One of the things our family has done is we all go out and paint a landscape. Even though I’m the only one who’s a painter, we all have so much fun, we really need to do it more. It’s fun to see each of our interpretations of the same scene.
Kim also handles most of the correspondence with clients. She has a great eye for detail, a multi-tasker, which I am not. I prefer to focus on one thing, and lack the patience for too many details. I’m a “gist” kind of person; I get the big idea (which is essential in a good painting!). Kim relishes details. We’re a great team.
Q: What are you currently working on?
Tim: I have three projects I am working on at the moment, four, counting portrait commissions. I’ve also got my sights set on Ireland. I’ll explain.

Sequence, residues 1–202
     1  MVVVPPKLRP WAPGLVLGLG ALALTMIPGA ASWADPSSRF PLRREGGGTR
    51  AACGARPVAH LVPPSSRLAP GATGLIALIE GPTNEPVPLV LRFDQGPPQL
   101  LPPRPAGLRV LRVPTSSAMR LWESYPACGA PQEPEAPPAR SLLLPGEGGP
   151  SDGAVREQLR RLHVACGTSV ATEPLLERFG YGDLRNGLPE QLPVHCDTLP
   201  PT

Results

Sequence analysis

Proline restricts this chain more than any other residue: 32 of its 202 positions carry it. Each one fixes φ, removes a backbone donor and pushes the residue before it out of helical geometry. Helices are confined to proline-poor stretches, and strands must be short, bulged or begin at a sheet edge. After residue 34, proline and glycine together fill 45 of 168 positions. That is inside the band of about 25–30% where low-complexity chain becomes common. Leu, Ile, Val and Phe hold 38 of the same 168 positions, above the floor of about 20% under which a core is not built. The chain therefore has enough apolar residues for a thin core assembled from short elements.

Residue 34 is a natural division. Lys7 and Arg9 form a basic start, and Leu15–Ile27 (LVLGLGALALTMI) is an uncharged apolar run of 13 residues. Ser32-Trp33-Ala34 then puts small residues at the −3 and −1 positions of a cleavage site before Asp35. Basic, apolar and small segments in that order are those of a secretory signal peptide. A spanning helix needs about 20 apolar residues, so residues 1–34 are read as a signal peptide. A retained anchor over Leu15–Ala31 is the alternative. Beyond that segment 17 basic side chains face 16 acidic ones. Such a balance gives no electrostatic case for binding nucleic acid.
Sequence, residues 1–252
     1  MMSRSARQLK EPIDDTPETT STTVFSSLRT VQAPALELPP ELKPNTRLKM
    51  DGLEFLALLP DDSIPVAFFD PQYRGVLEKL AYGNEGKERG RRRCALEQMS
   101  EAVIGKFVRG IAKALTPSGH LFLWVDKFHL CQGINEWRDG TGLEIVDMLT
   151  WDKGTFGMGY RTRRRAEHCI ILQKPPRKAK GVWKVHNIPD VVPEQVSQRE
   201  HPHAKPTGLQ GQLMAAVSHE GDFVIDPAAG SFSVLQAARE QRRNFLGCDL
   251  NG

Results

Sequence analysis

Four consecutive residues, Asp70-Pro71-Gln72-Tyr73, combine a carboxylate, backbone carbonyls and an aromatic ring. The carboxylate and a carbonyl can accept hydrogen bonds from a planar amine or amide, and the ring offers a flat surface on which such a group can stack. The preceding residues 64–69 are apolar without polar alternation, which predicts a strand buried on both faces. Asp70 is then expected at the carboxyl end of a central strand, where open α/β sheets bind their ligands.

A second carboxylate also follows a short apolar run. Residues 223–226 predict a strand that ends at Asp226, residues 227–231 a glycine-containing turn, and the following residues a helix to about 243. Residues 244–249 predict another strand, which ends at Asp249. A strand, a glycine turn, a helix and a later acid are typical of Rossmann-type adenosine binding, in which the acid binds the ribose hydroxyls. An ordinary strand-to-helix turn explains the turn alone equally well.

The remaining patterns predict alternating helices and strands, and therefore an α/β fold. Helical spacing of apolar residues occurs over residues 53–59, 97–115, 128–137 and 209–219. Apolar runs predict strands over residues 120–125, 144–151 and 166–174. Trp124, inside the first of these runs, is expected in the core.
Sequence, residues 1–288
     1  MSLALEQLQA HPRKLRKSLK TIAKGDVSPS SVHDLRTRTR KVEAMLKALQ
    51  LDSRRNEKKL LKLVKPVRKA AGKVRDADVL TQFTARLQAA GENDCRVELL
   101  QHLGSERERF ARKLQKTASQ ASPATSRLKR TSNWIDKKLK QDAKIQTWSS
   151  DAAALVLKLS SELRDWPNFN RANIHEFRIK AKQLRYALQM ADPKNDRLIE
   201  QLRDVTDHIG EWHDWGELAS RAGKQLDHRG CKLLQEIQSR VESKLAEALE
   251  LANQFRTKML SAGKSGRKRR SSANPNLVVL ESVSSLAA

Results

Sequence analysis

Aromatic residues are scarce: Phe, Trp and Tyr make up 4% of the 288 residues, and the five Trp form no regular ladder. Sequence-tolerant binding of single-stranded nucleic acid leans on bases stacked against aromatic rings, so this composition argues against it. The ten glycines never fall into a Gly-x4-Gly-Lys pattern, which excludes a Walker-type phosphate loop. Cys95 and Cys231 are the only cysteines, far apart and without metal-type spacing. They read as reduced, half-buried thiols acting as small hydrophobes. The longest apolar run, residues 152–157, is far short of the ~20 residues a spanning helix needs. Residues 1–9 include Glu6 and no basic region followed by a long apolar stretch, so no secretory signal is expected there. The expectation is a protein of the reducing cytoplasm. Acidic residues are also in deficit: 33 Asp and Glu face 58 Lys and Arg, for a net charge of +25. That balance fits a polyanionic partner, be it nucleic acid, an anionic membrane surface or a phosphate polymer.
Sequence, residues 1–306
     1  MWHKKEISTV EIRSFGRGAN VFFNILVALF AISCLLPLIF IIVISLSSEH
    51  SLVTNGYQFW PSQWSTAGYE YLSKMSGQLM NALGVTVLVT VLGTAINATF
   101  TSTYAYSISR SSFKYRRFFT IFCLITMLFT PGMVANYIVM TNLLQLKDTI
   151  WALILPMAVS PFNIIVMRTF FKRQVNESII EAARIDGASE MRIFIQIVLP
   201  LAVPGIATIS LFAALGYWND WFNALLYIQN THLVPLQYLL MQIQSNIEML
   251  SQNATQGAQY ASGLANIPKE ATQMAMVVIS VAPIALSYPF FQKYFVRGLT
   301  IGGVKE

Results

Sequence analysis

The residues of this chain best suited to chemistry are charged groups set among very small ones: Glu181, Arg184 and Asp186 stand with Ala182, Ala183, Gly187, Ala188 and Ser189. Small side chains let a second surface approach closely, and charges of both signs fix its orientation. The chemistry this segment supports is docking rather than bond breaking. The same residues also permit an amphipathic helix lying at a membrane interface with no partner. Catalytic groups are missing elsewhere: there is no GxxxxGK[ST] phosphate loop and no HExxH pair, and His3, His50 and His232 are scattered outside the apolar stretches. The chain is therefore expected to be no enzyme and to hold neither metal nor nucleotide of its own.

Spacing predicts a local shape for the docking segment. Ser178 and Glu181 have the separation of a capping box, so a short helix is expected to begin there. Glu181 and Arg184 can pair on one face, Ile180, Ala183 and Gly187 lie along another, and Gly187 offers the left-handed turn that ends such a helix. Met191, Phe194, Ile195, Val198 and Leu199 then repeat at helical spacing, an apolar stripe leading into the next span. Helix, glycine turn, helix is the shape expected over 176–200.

The first project is a series of paintings of Washington, D.C. depicting various places that have caught my eye in our beautiful Capitol. This series came about after Kim and I paid a visit to the Phillips Collection in D.C. I resonated with paintings by Pierre Bonnard, Camille Pissarro, John Twachtman, and Gustave Courbet. We loved how the artists captured the spirit of the scene, whether it be a pure landscape or a figurative scene, such as Renoir’s delightful Luncheon at the Boating Party. Driving through Washington after our visit, I saw one scene after another that was just waiting to be painted. I wanted to yell “Stop! I need to paint that!”
The second project is also outdoors, a series of plein air landscapes of California and Virginia locations. I love both places. They are entirely different in terrain, vegetation, and color, each exquisitely beautiful in their own right. Californians love the rich greens and blues of Virginia’s mountains and valleys, and Virginians love the raw, warm yellow earth of southern California’s coast, sierras, and valleys. And the trees! How different! Towering palms swaying in the California breezes contrast with the towering maples and oaks and pines of Virginia. I am striving to capture the distinction of both places.